To assess daytime sleepiness, we used the Epworth Sleepiness Scale (ESS) [12]. This questionnaire consists of 8 self-rated items, each scored from 0 to 3, that measure a subject’s habitual “likelihood of dozing or falling asleep” in common situations of daily living. The final score is the sum of individual items (scores 0–24). Values > 10 are considered excessive daytime sleepiness and values > 15 are considered severe sleepiness. ESS was translated and validated to Brazilian Portuguese [13].

To assess sleep quality, we used Pittsburgh Sleep Quality Index (PSQI) [14]. This questionnaire has 19 items to evaluate subjective sleep quality. We used only the global score of PSQI (range 0 to 21). Higher scores indicate worse sleep quality. Values > 5 are considered poor quality of sleep [14]. PSQI had been previously translated and validated to Brazilian Portuguese [13].

To assess sleep deprivation, we calculated the difference between mean hours of sleep during weekends and mean hours of sleep during weekdays, that was called Sleep Deprivation Index (SDI). SDI was derived from the questions: a) How many hours, on average, did you sleep on weekdays during the last 2 weeks? b) On weekends, if nobody wakes you up, how many hours, on average, do you sleep?

To assess quality of life (QoL) we used three questionnaires:

WHOQOL-BREF, that has 26 items with four domains: environment, psychological, social relationships, and physical health [15]. Answers are given on a 5-point Likert scale and points within each domain are transformed to a score from 0 to 100. Higher scores represent better QoL (WHOQOL GROUP 1995). This questionnaire was translated and validated to Brazilian Portuguese [16].

QoL self-assessment, that consisted of two questions to evaluate students’ perception regarding their overall QoL and QoL related to medical school (MSQoL) on a scale from 0 to 10. The items were [1] rate your overall quality of life [2]; rate your quality of life in medical school [8, 10].

VERAS-Q that is a questionnaire created to evaluate quality of life from students in the health professions. This questionnaire has 45 statements on a 5-points Likert scale divided in four domains (time management, psychological, physical health and learning environment) and a global score [17, 18].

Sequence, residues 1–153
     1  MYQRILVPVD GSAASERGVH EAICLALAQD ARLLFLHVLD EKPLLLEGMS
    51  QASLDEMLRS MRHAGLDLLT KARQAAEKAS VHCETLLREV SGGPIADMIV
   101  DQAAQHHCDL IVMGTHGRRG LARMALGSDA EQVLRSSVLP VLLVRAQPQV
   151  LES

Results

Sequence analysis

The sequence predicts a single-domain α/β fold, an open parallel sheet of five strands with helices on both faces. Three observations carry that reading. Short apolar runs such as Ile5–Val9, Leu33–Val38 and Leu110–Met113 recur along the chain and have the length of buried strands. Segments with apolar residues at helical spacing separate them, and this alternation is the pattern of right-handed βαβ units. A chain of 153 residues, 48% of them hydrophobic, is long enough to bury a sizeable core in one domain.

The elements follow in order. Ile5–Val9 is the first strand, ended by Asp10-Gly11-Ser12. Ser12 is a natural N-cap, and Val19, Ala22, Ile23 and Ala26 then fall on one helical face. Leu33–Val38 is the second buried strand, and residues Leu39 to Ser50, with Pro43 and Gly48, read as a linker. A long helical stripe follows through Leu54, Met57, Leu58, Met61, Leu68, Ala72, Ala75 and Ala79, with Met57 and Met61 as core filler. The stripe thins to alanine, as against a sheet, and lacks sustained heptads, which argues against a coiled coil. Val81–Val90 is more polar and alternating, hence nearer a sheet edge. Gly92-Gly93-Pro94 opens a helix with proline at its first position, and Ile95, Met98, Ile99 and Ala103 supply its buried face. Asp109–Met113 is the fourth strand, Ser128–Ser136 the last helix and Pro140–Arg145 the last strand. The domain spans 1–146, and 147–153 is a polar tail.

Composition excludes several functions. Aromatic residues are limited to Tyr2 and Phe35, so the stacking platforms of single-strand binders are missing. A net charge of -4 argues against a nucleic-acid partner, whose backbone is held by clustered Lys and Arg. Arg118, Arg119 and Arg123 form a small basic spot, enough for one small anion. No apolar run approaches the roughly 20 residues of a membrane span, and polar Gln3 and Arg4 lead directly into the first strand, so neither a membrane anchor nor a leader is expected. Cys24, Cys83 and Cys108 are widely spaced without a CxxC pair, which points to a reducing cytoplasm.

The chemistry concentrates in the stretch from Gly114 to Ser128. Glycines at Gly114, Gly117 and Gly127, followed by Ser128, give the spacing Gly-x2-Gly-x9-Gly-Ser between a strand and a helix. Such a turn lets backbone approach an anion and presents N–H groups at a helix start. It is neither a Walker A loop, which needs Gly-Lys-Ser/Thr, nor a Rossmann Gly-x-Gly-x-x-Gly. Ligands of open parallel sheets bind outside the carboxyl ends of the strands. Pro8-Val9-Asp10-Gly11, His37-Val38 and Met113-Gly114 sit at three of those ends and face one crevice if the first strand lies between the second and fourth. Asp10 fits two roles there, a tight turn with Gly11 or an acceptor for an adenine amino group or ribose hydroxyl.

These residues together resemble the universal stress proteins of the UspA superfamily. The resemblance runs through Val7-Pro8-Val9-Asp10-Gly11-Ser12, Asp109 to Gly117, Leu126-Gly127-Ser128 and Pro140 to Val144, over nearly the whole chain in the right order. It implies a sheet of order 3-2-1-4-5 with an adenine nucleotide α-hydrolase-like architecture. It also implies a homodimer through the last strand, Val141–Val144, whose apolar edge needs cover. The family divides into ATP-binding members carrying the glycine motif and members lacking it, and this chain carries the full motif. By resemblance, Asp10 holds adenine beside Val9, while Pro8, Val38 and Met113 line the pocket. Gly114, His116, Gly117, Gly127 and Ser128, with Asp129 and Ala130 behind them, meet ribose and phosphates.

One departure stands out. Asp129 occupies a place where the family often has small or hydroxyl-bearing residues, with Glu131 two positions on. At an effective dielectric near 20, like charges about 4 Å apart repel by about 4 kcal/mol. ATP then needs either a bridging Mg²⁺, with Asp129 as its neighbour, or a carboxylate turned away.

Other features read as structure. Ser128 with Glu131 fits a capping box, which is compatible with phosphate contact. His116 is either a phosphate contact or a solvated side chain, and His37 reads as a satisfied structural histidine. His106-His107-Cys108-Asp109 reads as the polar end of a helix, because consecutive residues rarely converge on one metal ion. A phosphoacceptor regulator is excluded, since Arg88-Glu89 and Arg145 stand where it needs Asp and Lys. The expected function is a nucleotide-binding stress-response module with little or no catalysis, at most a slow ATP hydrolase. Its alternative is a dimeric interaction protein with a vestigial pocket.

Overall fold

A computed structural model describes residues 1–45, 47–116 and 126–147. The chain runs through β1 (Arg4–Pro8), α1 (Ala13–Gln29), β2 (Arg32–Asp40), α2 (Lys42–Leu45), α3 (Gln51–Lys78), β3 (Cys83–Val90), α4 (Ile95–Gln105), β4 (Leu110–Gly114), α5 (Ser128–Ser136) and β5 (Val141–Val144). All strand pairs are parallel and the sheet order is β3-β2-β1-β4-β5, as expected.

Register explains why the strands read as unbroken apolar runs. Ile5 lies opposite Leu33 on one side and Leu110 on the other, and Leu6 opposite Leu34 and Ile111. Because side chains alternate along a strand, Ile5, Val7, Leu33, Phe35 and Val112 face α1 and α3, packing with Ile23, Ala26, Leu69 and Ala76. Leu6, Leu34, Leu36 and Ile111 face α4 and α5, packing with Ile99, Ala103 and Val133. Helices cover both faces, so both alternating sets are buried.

To assess the perception of the educational environment in medical school we used DREEM (Dundee Ready Education Environment Measure), a 50-item questionnaire which evaluates educational environment perceptions. This questionnaire has 5 domains: perceptions of learning, perceptions of teachers, academic self-perceptions, perceptions of atmosphere, and social self-perceptions [19, 20]. Answers are given on a 5-point Likert scale. This questionnaire was translated and validated to Brazilian Portuguese [21].

To assess emotional symptoms, we used Beck Depression Inventory (BDI) and State Trait Anxiety Inventory (STAI). BDI is a 21-item questionnaire to measure depression symptoms [22]. Scores of each item vary from 0 to 3 according to increasing symptom intensity. This questionnaire was translated and validated to Brazilian Portuguese [23]. STAI has a scale with 20 items each evaluating the intensity of state-anxiety and of trait-anxiety symptoms [24]. This questionnaire was also previously translated and validated to Brazilian Portuguese [23].

The results of the reliability analyses performed using the Cronbach’s α coefficient demonstrated that the data had and α value between 0.65 and 0.94 for all domains of the questionnaires (data not shown).

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